Applied to sex, Ritzer's argument points to a similar dynamic. Contraception has enabled people to treat sex as a low-priced commodity—an item to consume and thereby build social capital. Instead of sacralizing sex as earlier cultures have done, we have mass-produced it. We have disenchanted it by treating it simply as a bodily function leaving the mediation between lovers to pharmaceutical and other corporations. The church has been pushed out of the bedroom, and the pharmaceutical corporation has been invited in its place.

Compare Ritzer's observations to that of the philosopher Paul Ricoeur. Writing a  half-century ago, he lamented the transformation of sex in the post-Freudian era:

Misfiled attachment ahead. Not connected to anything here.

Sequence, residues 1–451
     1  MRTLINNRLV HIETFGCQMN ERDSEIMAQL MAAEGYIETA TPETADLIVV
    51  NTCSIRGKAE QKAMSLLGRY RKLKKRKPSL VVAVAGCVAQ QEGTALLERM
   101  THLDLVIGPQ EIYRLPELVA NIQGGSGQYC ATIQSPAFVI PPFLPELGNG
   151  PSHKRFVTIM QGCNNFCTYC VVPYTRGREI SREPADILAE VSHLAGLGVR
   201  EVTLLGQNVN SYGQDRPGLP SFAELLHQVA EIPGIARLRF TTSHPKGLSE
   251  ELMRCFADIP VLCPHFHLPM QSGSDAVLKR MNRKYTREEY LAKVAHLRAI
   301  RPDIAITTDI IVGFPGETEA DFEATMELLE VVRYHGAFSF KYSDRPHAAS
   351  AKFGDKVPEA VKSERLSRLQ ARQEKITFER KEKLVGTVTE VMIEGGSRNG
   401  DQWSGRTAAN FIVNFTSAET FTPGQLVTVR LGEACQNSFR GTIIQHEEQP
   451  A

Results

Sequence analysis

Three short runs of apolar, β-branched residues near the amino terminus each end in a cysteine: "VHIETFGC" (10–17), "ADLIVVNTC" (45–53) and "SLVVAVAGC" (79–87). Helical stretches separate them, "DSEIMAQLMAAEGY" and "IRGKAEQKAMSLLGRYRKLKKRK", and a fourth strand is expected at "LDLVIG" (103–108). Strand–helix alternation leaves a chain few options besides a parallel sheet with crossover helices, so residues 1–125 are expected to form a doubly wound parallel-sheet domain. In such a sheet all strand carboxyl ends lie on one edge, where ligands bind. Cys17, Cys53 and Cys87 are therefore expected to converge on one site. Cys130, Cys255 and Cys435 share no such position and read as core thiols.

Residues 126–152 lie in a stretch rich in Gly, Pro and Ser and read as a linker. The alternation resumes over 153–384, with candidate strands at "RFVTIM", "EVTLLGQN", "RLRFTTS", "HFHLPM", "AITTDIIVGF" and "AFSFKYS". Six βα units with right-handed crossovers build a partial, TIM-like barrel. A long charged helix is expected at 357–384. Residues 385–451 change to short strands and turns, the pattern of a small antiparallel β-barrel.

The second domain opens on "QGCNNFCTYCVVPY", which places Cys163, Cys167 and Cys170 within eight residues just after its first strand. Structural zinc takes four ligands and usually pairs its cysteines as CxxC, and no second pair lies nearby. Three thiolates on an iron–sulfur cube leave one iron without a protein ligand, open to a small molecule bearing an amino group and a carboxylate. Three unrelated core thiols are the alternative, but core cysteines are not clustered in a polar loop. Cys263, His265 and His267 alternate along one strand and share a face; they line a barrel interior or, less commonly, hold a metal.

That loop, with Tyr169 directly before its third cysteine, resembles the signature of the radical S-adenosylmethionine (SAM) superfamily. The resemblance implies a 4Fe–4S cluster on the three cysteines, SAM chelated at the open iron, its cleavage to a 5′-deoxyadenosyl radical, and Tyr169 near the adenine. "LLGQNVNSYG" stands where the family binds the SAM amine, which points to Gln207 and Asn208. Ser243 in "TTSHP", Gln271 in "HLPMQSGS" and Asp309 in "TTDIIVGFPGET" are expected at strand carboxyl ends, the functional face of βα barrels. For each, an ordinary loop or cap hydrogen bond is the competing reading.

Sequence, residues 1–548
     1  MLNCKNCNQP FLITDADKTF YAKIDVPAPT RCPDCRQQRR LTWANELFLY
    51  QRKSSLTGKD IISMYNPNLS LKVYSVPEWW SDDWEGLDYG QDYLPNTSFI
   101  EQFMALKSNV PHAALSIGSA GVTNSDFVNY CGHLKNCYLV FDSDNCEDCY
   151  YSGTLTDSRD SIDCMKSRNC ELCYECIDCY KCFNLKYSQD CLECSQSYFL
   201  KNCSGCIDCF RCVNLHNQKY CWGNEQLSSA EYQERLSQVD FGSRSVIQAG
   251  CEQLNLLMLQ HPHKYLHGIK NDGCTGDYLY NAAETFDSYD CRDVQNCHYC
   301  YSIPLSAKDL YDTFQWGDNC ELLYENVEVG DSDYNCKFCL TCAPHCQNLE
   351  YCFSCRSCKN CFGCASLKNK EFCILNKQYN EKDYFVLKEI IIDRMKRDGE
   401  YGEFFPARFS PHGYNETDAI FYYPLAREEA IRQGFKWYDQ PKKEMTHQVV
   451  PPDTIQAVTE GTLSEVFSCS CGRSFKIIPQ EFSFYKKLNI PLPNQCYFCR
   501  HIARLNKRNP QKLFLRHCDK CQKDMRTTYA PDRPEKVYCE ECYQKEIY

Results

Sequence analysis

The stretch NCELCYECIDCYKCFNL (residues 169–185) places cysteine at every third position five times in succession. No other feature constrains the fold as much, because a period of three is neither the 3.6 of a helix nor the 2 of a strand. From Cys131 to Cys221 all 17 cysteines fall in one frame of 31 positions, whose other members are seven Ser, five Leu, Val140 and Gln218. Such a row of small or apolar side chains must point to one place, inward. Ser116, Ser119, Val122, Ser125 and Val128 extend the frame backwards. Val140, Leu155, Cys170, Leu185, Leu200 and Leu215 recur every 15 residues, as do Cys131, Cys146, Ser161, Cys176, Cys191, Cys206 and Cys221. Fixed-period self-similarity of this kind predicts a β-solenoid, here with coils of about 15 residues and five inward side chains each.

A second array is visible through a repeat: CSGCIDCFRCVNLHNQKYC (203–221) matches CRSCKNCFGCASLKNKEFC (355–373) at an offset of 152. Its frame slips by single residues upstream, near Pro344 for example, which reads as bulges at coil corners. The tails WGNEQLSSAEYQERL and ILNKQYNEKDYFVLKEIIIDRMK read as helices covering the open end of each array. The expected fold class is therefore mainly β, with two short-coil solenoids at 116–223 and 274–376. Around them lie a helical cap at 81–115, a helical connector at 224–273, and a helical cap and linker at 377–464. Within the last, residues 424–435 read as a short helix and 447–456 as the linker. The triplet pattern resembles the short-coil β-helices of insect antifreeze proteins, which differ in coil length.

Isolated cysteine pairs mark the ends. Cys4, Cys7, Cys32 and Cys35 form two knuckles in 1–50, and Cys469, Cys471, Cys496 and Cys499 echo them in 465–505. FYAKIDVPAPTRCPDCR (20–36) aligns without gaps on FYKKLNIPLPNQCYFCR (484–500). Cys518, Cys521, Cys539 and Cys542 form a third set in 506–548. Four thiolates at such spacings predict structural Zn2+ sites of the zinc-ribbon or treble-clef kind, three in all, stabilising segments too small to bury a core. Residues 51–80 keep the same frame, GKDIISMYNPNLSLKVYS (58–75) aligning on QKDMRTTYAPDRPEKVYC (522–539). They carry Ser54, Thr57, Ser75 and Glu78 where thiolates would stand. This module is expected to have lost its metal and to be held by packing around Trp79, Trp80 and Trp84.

The removal of sexual prohibitions has produced a curious effect, which the Freudian generation has not anticipated, the loss of value through facility: sexual experience having become familiar, available, and reduced to a simple biological function, becomes rather insignificant. Thus the extreme point in the destruction of the cosmo-vital notion of the sacred also becomes the extreme point of the dehumanization of sex. (from "Wonder, Eroticism, and Enigma," Cross Currents 14, no. 2 [Spring 1964], p. 138)

Both Ritzer and Ricoeur recognized that rationality in human affairs only goes so far. Applying their observations to contraception, signs of massive cultural change begin to emerge. We have made sexual imagery and sexual behavior ubiquitous and de rigueur for everyone beginning in early adolescence. Sex is social capital, but in this context the messy—yet beautiful—negotiation of real relationship is lost. We are having more orgasms, but we are losing the ability to love each other in ways that give life meaning. We may be going the way of Japan and losing interest in real interpersonal relationships altogether.